|The book, The Encounter by Malachi Martin reveals that he also wrote The Pilgrim under the pseudonym Michael Serafian (click image to enlarge, see upper left)|
According to the biography of Rabbi Abraham Heschel, Spiritual Radical (pp.253-254), Rabbi Heschel, with the AJC, arranged for Malachi Martin’s book, The Pilgrim to be published as a political tactic in hopes that it would influence deliberation on the draft for Nostra Aetate which had met setbacks at the close of the second session of the Second Vatican Council.
The Pilgrim was published in May of 1964, between the second and third sessions of the council. As we will see below the book was calculated to impart to Catholics the message “You are Nazis,” and that Christianity ‘paved the road to Auschwitz’ and is therefore in need of radical reform. We previously documented Rabbi Heschel’s candid admission that he intended to attack Christian souls by such ‘dialogue.’ It will probably be news to most traditional Catholics that their prophet Malachi Martin was Rabbi Heschel’s comrade in this attack.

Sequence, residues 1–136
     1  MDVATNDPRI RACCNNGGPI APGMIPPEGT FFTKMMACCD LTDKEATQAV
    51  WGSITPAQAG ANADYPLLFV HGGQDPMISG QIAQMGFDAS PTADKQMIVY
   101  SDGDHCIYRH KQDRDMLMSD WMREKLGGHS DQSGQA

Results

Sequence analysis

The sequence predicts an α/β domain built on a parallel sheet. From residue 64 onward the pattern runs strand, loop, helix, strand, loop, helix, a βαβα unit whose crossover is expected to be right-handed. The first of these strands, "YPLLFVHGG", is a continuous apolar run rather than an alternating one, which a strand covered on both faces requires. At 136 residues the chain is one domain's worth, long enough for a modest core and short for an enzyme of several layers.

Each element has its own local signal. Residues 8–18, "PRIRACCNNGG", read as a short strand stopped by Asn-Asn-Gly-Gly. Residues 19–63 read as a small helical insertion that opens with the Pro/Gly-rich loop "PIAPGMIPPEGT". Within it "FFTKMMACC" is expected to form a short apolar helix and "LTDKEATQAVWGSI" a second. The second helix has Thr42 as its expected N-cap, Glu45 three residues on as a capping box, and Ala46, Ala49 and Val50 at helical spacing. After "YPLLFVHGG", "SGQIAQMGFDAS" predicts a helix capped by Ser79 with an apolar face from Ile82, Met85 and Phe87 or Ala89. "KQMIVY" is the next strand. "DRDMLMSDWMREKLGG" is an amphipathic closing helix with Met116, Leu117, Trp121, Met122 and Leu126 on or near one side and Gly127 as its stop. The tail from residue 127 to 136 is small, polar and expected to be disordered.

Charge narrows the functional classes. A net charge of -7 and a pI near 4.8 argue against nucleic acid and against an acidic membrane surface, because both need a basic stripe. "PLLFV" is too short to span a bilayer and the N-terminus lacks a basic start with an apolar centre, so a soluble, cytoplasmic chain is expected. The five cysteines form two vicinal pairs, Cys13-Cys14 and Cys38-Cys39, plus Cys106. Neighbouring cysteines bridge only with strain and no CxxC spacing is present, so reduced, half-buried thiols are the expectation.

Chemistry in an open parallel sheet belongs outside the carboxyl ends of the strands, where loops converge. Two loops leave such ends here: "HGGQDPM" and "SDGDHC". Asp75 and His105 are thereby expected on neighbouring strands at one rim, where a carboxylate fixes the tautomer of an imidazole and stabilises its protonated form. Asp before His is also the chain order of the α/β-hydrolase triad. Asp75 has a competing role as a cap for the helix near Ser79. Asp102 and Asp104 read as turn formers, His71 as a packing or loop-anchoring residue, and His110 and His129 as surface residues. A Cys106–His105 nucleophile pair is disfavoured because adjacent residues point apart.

The Pilgrim was flanked by similar editorials, articles and interviews published in the New York Times, Time magazine and elsewhere. One article published October 1964 in The Jewish World quoted an unnamed Vatican source invoking extermination language saying “the Most Holy Father still has not made up his mind on the Jewish issue at this time, the final solution is still to come.”
Those familiar with Malachi Martin may recall his admission to Ben L. Kaufman of the Cincinnati Inquirer that during the Second Vatican Council he “enjoyed” making Cardinals who didn’t go along with the Nostra Aetate agenda sweat by “shaking long-closeted skeletons” at them (“Jesus Now Author Not A Swashbuckler,” Ben L. Kaufman, The Cincinnati Enquirer, December 22, 1973). Traditionalists have typically interpreted this to mean that Martin dug up dirt on prelates of a personally sinful nature.
I submit that at the dawning of the “post-Auschwitz” dispensation there was no ‘skeleton’ more terrifying than accusations of ‘anti-Semitism.’